Nick Payne is not a dramatist who baulks at tackling big ideas. His award-winning Constellations took on quantum theory, astronomy, bee-keeping, and free will as it sent its metaphysical love story hopping around a multiverse of divergent outcomes.
Now, in Incognito, he explores the brain and the intimate connections between memory and the human sense of selfhood. As with the sudden snapshot shifts into alternative scenarios in the earlier work, the form of this canny, haunting new piece is metaphoric: a playful, funny-sad attempt to put theory into action.
One of the characters, a clinical neuropsychologist, proclaims that there is no central headquarters in our brains and therefore no fixed self. Instead, from the mass of incoming data, “the brain builds a narrative to steady us from moment to moment, but it is absolutely an illusion”.
It's a similar task that Payne sets the audience here, requiring it to make sense of several fast-moving, disparate, interwoven strands of narrative. In Joe Murphy's fiercely lucid and involving production, which premiered at High Tide theatre festival last month, the leaps feel synaptic in their instantaneousness.
On Oliver Townsend's spare design, with its brain-teaser-like metallic frame, the versatile cast of four – Paul Hickey, Amelia Lowdel, Alison O'Donnell and Sargon Yelda – play up to six characters each with no changes of costume but with precise split-second switches of accent and posture.
The stories intertwine those loosely based on fact and those which Payne has invented. One follows Thomas Stoltz Harvey the American pathologist who, in 1955, stole Einstein's brain convinced that experiments on it would uncover the mystery of his genius. He spent the rest of the century failing to substantiate that belief. Again, starting in the 1950s, there's the desperately moving case of Henry, a young man who, after pioneering brain surgery to ease his epilepsy, loses all ability to form new memories and exists in what has been described as a “permanent present tense”.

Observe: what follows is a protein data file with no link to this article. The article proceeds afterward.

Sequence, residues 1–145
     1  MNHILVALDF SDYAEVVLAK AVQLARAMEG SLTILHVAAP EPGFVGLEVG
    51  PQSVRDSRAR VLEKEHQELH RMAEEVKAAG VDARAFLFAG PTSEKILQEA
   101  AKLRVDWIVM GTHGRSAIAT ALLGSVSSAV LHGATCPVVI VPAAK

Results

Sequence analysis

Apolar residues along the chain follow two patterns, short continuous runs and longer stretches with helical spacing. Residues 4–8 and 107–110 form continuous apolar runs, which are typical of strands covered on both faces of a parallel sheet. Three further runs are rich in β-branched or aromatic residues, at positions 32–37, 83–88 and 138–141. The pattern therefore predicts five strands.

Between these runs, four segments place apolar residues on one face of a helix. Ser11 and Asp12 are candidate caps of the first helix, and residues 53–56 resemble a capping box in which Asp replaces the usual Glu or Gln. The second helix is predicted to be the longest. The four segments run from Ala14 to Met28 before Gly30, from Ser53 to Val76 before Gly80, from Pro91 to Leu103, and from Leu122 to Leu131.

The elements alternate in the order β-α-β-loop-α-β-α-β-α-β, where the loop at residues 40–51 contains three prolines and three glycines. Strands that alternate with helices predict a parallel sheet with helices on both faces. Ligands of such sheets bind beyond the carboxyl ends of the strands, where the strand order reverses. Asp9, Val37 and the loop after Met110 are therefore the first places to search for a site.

And, in contemporary times, there is Martha, a newly divorced bisexual neuropsychologist, who has embarked on relationship with another woman and whose understanding that “the brain is a storytelling machine and it's really, really good at fooling us” is pushing her to some rather bleak conclusions about why this conception of it could be “liberating”.
Martha is a lively character, challenging and abrasive, but I found that I couldn't quite believe in her and some of the fascinating issues she raises – for example, her neuroscientific scepticism as the legal notion of responsibility – are just left hanging in the air. For me, the most penetrating strand, emotionally and intellectually, was that involving Henry.
Payne has adapted the well-known real-life case of Henry Molaison, shifting it from Connecticut to Brighton and (crucially) giving the damaged young man a devoted young wife, who is agonised at watching her sweet-natured spouse on an endless loop of losing what has just happened to him like water through a sieve.
The polar opposite of this figure was Solomon Shereshevsky, the celebrated Russian mnemonist whose life was wrecked by his inability to forget anything. Peter Brook made a powerful theatre piece about the latter in Je suis un phenomene. Incognito stands honourably in that tradition.